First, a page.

A newly published study for the European Commission by IEEP and partners investigates civil society’s role in improving the effectiveness of environmental taxes to reduce pollution and better manage natural resources.
28 results found for "air quality" ordered by most recent first
IEEP Head of Industry, Waste and Water Programme, Andrew Farmer, writes in UN Environment’s Perspective series on why addressing pollution is important in contributing to achieving SDG objectives related to poverty.
Over the years the EU has had a major impact on ensuring that governments do what they promise on the environment. As the UK leaves, both the British Government and the EU-27 need to think about how to replicate those benefits in future.
2017 is an important year for discussing the future of Europe. A key basis for this debate is the White Paper of the European Commission alongside subsequent reflection pieces regarding specific dimensions of European policy, including the social dimension of Europe, globalization, the Economic and Monetary Union, European defense and European finances.
When the UK leaves the EU, it will lose an important element in the enforcement of environmental legislation and standards. The European Commission’s monitoring of Member States’ action to implement agreed legislation, backed up by the European Court of Justice’s ability to impose effective sanctions, has been a key driver in delivering environmental improvements.
Céline Charveriat discusses US withdrawal from Paris Accord and breaking Antarctic ice shelf.
Expert insights show how urban data indicators are evolving
Improving access to nature can help address health and social challenges across Europe and reduce health inequalities.
Protecting nature and biodiversity is helping to tackle urgent health and social challenges across Europe. A new IEEP study shows how urban, suburban and rural green areas bring multiple and often overlooked benefits to society.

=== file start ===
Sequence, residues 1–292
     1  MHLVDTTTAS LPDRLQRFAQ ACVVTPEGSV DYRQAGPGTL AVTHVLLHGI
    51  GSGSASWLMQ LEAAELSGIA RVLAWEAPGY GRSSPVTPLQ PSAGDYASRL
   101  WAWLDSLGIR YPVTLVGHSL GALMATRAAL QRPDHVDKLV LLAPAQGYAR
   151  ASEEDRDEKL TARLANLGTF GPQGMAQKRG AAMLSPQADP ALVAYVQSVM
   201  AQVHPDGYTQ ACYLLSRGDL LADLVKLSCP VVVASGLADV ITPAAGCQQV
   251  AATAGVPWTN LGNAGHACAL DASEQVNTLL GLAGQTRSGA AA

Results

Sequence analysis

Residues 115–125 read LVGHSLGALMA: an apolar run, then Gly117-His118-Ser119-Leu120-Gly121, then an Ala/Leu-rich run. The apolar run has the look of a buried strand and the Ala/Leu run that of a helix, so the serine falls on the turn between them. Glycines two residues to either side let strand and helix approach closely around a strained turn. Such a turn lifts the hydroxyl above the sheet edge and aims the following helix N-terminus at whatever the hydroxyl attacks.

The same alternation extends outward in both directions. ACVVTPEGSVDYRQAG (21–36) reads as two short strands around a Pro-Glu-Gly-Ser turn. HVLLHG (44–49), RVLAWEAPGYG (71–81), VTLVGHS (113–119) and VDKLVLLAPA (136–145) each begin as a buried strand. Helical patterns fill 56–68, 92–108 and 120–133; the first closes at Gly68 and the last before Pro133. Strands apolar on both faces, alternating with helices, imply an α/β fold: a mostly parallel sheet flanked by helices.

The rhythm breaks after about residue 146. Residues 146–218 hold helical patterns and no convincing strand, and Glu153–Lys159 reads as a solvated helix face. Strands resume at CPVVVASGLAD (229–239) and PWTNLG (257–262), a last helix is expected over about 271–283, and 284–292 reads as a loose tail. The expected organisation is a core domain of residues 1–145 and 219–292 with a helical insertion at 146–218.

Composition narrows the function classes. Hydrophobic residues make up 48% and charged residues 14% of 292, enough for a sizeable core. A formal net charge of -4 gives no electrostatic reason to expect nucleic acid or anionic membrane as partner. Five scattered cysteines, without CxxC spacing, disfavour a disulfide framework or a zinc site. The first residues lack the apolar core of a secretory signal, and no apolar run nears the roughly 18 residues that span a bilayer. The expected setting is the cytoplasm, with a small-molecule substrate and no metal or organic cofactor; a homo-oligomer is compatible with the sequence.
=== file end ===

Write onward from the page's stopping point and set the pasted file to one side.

Welcome to the first newsletter of the PEGASUS project! It provides information on the project’s progress to date and details on the 34 case studies currently underway in 10 EU countries examining how to ensure the improved delivery of public goods and ecosystem services in different farming and forestry situations.
If the UK decides to leave the EU following the referendum in June, there would be significant consequences, not only for policy, law, and trade relations, but for the environment.
Drawing on recent work by the Institute, IEEP’s Patrick ten Brink will present at Green Week 2015 on Jobs & Growth through Green Infrastructure (3 June 2015 - 16:30-18:00, Session 2.2) and on Health and Social Benefits of Nature and Biodiversity Protection (4 June 2015 - 09:30-11:00, Session 3.3).
The award-winning Manual of European Environmental Policy is now available on IEEP’s website. This archive provides free access to the definitive guide to the development of European environmental policy.
This is a chapter of IEEP’s Manual of European Environmental Policy. This chapter focuses on EU air quality policy. The policy field is extensive and contains many directives that impose standards, provisions and developments of air quality management and regulation.
This is a chapter of IEEP’s Manual of European Environmental Policy. This chapter provides information on EU industrial pollution policy, which outlines and discusses the legislation in place to minimise the negative effects of harmful substances and pollutants on the environment and human health.
This is a chapter of IEEP’s Manual of European Environmental Policy. This chapter sets out the development of some of the most important links between EU environmental policy and other policy areas, such as agriculture, forestry, fisheries, transport, trade, and so on.
The UK Government’s Balance of Competences review has now taken evidence on 25 subject areas, including the 6 with the most relevance for the Environment. We take stock of the IEEP’s contributions, and consider what a possible UK renegotiation might mean for the environment.
Despite some positive steps, further efforts are needed to achieve the transition to a low-carbon, resource efficient Europe.
This report considers how environmental policy in the EU effects the UK and looks at some alternatives. Overall the impact within the environmental domain can be judged to be strongly positive to the UK. The action taken has been well balanced, with benefits for human health and welfare and the sustainability of the economy as well as the environment itself.
Up to 2020 greater use of renewable electricity is the leading alternative to biofuels to reduce the carbon intensity of car and rail transport fuels. To realise this potential requires a mix of responses, including: increasing the decarbonisation of existing transport fuels; improving the energy efficiency of vehicles; and changing the way vehicles are used.